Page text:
Epizootic of beak deformities among wild birds in Alaska: An emerging disease in North America?

The Auk
By: , and 



The sudden appearance of a large cluster of animals with gross abnormalities may signal a significant change in an ecosystem. We describe an unusual concentration of beak deformities that appear to have arisen rapidly within Alaska and now extend southward along the Pacific Coast. In Alaska we have documented 2,160 Black-capped Chickadees (Poecile atricapillus) and 435 individuals of 29 other species of birds, primarily during the past decade, with grossly overgrown and often crossed beaks. The annual prevalence of beak abnormalities among adult Black-capped Chickadees in south-central Alaska varied from 3.6% to 9.7% and averaged 6.5 ± 0.5% between 1999 and 2008. Only 0.05 ± 0.05% of nestlings and 0.3 ± 0.2% of juveniles <6 months old had abnormal beaks, which suggests that this is either a latent developmental or an acquired condition. We documented 80 cases in which a Black-capped Chickadee captured with an apparently normal beak was subsequently recaptured with a beak abnormality and 8 cases in which a beak deformity was no longer detectable upon recapture. Necropsy and histopathology of a sample of affected individuals provided no conclusive evidence of the etiology of this condition. Deformities appear to affect primarily the keratin layer of the beak and may result from abnormally rapid growth of the rhamphotheca. Some affected birds also exhibited lesions in other keratinized tissues of the skin, legs, feet, claws, and feathers, which may represent a systemic disorder or secondary conditions. Additional studies are currently underway to determine diagnostic signs and the underlying cause of this avian keratin disorder.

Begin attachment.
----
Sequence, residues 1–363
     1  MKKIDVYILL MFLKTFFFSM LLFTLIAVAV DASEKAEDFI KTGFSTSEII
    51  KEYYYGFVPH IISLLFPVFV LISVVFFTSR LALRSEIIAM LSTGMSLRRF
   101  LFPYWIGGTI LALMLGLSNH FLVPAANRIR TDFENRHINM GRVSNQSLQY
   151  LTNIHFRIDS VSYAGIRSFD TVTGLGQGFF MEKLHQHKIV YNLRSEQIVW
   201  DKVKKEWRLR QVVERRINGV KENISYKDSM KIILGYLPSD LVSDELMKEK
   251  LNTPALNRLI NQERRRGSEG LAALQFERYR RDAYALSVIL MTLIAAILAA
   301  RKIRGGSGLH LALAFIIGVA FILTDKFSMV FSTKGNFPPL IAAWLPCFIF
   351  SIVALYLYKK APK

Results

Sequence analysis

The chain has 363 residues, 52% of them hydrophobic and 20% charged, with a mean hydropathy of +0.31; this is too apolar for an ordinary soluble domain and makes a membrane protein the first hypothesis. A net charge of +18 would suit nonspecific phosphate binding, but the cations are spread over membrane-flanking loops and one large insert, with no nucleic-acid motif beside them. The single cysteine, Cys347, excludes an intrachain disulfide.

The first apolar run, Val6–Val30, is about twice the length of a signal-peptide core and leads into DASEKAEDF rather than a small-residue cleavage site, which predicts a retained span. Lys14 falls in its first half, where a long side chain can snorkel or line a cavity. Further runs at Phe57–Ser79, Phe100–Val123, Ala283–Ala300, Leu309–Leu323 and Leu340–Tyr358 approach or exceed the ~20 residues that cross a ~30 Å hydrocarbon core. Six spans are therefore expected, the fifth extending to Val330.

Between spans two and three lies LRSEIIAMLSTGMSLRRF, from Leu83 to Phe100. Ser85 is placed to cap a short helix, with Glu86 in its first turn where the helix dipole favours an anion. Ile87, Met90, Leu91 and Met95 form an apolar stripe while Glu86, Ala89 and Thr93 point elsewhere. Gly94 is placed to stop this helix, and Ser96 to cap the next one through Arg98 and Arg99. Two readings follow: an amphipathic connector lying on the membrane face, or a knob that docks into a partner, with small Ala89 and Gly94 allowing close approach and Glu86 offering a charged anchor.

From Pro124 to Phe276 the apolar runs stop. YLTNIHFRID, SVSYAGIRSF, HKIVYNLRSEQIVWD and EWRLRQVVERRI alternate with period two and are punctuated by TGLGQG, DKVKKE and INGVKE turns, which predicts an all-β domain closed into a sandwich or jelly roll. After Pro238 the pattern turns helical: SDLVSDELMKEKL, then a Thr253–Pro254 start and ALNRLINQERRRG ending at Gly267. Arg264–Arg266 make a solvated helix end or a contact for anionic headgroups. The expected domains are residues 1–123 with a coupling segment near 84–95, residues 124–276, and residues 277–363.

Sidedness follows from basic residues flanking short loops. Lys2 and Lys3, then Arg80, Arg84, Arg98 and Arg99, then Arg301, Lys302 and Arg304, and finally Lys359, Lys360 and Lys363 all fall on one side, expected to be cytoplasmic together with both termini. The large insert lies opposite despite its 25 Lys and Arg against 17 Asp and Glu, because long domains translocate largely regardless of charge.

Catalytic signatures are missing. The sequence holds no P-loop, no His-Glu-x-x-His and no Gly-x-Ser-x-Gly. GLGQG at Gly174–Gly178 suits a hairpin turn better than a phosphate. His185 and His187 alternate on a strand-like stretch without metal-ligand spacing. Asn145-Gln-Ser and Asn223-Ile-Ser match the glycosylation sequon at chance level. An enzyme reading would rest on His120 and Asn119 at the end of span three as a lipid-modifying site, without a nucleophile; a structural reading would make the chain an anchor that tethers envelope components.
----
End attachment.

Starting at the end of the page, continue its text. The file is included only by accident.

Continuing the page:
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Publication type Article
Publication Subtype Journal Article
Title Epizootic of beak deformities among wild birds in Alaska: An emerging disease in North America?
Series title The Auk
DOI 10.1525/auk.2010.10111
Volume 127
Issue 4
Year Published 2010
Language English
Publisher American Ornithological Society
Contributing office(s) Alaska Science Center, National Wildlife Health Center
Description 17 p.
First page 882
Last page 898
Country United States
State Alaska
Online Only (Y/N) N
Additional Online Files (Y/N) N
Google Analytic Metrics Metrics page
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